Thursday, October 14, 2010

Reviewing Philip Roth

It's always with trepidation that I approach a supposedly professional review of a book that I've already read and reviewed, especially when it's one by an author as august as, say, Philip Roth. This past summer I had the pleasure of casting my humble judgment about his latest novel, Nemesis, for Library Journal (link here and scroll down to Roth).

I try to follow Barbara Hoffert's (LJ books editor) advice to trust myself as a reader and offer an honest opinion without nuance. But that opinion should be based on a lifetime of reading experience and offered with a modicum of objectivity. So I'll admit to being rather shocked at what I found to be a highly personal attack on Philip Roth in a review by Roxana Robinson in the Washington Post last week when I was up in Maryland.

It seemed to me that she failed the author by refusing to separate her feelings about him, based on personal experience or hearsay, I'm not sure which, from her thoughts about his novel. For a moment, but only one moment, I questioned my own evaluation of the book, which I thought was profound on several levels and ripe for a book discussion. Aside from Mr. Roth's ability to place his readers smack down in the middle of Newark, New Jersey, circa 1940's, it's his examination of guilt along with all of its ramifications that impressed me the most. As a recovering Catholic I'm always fascinated by the power of this useless emotion to ruin lives and take the joy from living.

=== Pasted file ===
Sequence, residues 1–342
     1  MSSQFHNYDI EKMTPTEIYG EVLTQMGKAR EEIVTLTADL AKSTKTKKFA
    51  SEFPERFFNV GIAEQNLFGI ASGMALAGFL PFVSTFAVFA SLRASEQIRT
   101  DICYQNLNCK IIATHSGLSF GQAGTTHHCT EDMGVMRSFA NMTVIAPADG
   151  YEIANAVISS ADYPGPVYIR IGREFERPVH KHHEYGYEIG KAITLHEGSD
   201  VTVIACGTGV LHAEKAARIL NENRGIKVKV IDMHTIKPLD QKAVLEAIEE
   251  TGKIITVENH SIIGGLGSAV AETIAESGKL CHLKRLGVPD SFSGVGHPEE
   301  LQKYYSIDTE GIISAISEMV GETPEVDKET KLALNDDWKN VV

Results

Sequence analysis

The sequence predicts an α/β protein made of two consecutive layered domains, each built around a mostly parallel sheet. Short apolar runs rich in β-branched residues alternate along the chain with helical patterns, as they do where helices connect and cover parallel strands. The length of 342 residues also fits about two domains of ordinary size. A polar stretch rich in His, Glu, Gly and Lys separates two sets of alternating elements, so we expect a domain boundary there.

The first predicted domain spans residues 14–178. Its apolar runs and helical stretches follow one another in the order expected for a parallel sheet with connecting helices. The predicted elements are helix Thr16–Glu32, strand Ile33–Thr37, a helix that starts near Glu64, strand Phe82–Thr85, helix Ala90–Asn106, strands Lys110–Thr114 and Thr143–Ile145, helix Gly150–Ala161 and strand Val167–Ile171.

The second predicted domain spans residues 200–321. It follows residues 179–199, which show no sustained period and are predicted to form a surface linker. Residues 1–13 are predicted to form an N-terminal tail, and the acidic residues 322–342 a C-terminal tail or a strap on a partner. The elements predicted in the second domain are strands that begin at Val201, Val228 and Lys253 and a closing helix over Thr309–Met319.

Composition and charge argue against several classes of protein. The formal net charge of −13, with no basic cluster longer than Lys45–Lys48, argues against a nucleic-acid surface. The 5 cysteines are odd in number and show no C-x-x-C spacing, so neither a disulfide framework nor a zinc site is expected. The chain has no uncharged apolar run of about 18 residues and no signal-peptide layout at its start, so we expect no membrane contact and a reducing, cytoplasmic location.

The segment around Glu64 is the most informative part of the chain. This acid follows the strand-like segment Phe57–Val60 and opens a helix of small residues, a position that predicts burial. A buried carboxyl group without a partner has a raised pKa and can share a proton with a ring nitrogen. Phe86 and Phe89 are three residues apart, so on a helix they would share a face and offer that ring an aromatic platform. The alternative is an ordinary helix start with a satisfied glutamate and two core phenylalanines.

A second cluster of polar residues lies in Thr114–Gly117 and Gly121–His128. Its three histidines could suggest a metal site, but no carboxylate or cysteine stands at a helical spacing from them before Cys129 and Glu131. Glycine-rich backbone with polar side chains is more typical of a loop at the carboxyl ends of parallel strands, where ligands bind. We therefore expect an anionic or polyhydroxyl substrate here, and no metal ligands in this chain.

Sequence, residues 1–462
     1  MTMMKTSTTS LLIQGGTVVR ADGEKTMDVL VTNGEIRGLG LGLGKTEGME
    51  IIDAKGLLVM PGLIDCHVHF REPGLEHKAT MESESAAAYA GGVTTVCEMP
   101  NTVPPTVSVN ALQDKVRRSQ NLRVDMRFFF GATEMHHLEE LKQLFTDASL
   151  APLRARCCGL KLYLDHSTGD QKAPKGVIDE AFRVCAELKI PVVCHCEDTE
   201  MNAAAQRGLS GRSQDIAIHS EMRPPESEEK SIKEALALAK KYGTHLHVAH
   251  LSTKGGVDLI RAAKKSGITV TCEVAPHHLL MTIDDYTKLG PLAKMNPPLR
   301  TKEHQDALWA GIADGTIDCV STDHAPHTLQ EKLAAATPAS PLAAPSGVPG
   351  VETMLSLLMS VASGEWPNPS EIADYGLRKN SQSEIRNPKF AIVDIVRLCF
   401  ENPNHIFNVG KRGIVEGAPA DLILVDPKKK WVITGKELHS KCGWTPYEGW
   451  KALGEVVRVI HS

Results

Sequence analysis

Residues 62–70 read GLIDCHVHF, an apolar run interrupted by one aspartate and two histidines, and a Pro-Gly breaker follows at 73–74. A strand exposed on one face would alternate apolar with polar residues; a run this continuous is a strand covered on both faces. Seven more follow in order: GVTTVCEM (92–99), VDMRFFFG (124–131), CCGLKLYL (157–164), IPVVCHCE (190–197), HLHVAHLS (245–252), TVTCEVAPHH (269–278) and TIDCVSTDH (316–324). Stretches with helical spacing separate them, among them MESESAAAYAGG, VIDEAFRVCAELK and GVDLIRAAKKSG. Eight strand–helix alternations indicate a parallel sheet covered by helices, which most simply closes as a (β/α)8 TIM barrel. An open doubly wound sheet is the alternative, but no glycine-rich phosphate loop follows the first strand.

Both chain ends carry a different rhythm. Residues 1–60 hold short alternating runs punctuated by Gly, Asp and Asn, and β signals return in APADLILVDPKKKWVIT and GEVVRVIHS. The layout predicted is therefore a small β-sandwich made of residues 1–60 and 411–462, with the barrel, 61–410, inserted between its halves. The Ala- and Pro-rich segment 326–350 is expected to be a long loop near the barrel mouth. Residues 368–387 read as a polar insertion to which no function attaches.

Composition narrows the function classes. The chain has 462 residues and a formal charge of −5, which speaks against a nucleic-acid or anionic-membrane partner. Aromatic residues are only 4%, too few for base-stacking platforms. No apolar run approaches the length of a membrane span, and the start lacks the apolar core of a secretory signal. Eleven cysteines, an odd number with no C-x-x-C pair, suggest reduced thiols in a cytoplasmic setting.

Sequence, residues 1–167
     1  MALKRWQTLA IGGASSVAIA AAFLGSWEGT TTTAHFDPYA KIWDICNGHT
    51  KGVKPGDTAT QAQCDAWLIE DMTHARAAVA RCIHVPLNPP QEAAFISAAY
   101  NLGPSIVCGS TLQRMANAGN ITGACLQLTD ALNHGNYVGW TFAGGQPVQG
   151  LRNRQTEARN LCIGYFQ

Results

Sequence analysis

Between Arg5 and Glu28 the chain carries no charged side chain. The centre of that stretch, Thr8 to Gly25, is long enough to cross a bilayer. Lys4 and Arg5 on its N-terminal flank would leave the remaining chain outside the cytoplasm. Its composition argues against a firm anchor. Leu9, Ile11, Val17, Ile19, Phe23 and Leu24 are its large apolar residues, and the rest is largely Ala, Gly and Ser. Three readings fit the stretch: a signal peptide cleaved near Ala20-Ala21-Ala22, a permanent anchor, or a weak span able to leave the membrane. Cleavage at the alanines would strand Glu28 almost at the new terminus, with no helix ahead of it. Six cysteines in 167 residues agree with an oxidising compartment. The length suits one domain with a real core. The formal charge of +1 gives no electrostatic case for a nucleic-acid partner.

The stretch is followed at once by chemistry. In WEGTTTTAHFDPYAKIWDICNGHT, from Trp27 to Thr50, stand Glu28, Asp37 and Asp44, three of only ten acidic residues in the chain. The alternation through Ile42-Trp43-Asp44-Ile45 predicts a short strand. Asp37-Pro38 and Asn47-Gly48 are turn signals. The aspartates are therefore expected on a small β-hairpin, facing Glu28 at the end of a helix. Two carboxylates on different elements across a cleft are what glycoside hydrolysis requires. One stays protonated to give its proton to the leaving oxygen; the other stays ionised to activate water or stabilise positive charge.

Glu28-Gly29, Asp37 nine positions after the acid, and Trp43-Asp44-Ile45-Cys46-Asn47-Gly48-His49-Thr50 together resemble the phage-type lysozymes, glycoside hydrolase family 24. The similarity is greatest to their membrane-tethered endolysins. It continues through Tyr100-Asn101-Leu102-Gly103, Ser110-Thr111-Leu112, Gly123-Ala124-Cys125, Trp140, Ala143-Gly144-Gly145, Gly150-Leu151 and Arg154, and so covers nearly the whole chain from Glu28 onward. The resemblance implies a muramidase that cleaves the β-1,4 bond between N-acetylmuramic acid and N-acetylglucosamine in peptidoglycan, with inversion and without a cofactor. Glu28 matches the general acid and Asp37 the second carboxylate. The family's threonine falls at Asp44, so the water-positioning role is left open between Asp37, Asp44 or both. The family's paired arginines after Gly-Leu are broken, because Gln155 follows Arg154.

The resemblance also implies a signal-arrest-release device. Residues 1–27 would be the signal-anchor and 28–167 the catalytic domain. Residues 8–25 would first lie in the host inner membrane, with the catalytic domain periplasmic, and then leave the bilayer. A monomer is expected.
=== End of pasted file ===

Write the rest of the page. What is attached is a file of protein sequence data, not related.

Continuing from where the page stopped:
So, when I opened my Sunday New York Times Book Review to Philip Roth's visage staring back at me from the cover, I couldn't wait to see how another professional reviewer handled Nemesis. Kudos to Leah Hager Cohen for her honesty and integrity. I loved her review, not simply because she agreed with me on all aspects of the novel, but because she admitted to a bias and then committed her summer to the due diligence that Roth deserves.

One doesn't have to admire all of his work, in fact I rather panned The Humbling for its gratuitous sexual content and the life-denying look at a man in his sixties, but the author of American Pastoral is a genius in my book and always will be.

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